The present study analyzes data from 73 patients that received a PVDF sling (DynaMesh®-PRM, FEG Textiltechnik Aachen, Germany) for the treatment of post-prostatectomy stress urinary incontinence. The goal of this retrospective cohort study is to evaluate the long-term safety and performance of the device.


Between July 2011 and November 2019, male sling surgeries for urinary stress incontinence were performed using DynaMesh®PRM (FEG Textiltechnik Aachen, Germany) at IRCCS Ospedale Sacro Cuore Don Calabria in Negrar (Verona), Italy. The data were collected consecutively and retrospectively. Study inclusion criteria were that patients were male, full age and sui juris, received a diagnosis of stress or mixed urinary incontinence and signed a written consent for processing their data. In total, 73 patients were included in the study. Patients underwent a physical exam, urodynamic testing and a test for remaining sphincter function. All surgeries were performed with the transobturator outside-in technique. The sling was fixed to the bulbus with sutures and the sling ends were tunneled and sutured. Concurrent surgeries were not performed. For follow-up, the patients were contacted by phone between October 2019 and September 2020. Cure was defined as zero pad usage and improvement was defined as a reduction in pad usage (pad usage: 1 pad/day). Failure was defined as the same number of pads or more pads were used compared to before the surgery. The data was analyzed using Microsoft Excel (Microsoft, Redmond, WA, USA) and XLSTAT (Addinsoft, New York, USA). The study received ethical approval by the Ethical Committee for Clinical Experimentation of the province Verona and Rovigo, Italy (Comitato Etico per le Sperimentazioni Cliniche delle province di Verona e Rovigo (Prot. Negrar 2022-E)).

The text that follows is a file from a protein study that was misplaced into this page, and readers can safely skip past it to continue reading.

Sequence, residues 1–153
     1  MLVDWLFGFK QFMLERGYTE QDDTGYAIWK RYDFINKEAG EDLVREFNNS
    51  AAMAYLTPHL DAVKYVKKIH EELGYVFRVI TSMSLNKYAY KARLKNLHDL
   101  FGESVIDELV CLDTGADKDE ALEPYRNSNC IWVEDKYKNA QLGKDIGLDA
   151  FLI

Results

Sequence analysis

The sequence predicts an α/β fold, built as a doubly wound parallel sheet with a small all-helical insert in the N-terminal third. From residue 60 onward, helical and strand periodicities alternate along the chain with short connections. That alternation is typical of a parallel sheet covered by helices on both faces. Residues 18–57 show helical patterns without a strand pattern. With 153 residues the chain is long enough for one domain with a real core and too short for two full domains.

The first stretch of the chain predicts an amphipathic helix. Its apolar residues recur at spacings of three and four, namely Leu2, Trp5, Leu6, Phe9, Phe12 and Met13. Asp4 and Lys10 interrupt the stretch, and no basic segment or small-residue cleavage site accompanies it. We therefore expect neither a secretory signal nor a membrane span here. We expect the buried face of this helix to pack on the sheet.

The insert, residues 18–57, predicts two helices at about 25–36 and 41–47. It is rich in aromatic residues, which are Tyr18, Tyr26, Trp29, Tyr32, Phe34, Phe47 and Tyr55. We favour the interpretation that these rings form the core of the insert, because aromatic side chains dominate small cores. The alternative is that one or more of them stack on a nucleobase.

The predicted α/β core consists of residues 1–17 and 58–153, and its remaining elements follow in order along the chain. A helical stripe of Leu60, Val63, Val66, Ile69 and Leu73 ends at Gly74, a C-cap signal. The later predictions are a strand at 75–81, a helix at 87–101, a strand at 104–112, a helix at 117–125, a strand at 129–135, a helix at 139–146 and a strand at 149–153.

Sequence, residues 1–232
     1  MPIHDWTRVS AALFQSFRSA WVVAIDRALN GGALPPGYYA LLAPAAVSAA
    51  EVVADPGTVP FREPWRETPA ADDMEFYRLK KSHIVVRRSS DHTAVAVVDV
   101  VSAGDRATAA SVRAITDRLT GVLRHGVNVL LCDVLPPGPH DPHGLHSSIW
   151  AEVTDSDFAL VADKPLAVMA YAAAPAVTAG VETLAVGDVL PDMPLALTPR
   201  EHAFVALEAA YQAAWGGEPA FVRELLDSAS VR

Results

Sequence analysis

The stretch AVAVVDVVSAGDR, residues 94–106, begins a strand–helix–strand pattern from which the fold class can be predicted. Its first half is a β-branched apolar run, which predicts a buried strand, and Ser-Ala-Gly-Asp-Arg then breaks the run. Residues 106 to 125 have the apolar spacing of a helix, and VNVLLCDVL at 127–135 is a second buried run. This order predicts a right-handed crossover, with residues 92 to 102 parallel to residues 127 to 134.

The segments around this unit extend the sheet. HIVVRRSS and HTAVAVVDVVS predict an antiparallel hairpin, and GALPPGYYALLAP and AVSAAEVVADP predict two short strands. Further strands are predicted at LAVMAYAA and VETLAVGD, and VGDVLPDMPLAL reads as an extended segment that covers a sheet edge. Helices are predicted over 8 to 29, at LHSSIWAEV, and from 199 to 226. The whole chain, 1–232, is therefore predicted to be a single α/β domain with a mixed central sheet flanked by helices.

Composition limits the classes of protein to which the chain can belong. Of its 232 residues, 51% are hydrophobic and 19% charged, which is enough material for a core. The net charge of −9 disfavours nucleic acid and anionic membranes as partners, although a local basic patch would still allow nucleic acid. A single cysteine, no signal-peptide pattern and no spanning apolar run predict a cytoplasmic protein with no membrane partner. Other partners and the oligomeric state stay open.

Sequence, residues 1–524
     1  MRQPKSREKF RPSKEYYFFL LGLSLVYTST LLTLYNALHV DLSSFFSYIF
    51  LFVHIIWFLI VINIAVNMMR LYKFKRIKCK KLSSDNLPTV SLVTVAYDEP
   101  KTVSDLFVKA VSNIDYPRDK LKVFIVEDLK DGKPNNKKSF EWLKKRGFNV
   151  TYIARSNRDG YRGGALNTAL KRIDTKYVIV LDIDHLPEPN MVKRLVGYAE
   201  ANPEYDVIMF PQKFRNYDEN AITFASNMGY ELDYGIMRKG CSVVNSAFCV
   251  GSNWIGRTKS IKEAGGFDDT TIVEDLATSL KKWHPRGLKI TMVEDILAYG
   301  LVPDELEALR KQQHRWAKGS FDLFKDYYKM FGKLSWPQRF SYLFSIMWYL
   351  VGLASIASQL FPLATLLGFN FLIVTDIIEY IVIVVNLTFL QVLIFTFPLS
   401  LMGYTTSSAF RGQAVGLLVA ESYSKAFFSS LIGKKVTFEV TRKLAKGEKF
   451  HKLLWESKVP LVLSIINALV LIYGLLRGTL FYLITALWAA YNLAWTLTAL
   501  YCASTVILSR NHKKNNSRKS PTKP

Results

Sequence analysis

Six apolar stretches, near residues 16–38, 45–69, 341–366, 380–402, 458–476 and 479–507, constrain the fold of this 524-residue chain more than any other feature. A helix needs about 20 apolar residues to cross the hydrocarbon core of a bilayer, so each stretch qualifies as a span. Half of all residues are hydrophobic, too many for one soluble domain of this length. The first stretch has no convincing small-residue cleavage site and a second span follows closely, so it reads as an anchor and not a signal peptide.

All of the patients that underwent surgery were also available for a follow-up interview (n = 73). The median follow-up time was 72.6 months (average: 65 months; range: 2-107 months; Figure 1). Patient characteristics are detailed in Table 1. On average, patients were 69.4 years old with a BMI of 26.4. All of the patients had undergone prostatectomy. Almost 18 % of the patients previously received radiation therapy and 10 % received prior incontinence treatments. All patients suffered from stress or mixed urinary incontinence, which was moderate or severe in most patients (93 %).

Safety Parameters

There were no intraoperative complications, such as hemorrhages (defined as > 200 ml blood loss) or lesions to surrounding structures (Table 2). Post-operative complications were evaluated until the last follow-up time point. Out of all the parameters that were assessed, only one complication occurred, which was a case of post-operative pain that was treated with an anti-inflammatory agent. Other than that, there were no postoperative complications recorded (for a complete list, see Table 2).

Performance Parameters

After a median follow-up of 6 years, 50.7 % of patients reported to be cured, which was defined as 0 pads used per day. Another 23.3. % of patients used one pad per day, which was considered an improvement relative to the condition before surgical treatment. Thus, a total of 74 % of patients were cured or improved after receiving a PVDF sling for treating stress urinary incontinence. In contrast, 26 % reported no improvement, however none of the patients indicated that the situation was worse than before undergoing surgery. Only one patient (1.4 %) was reoperated due to recurrent incontinence.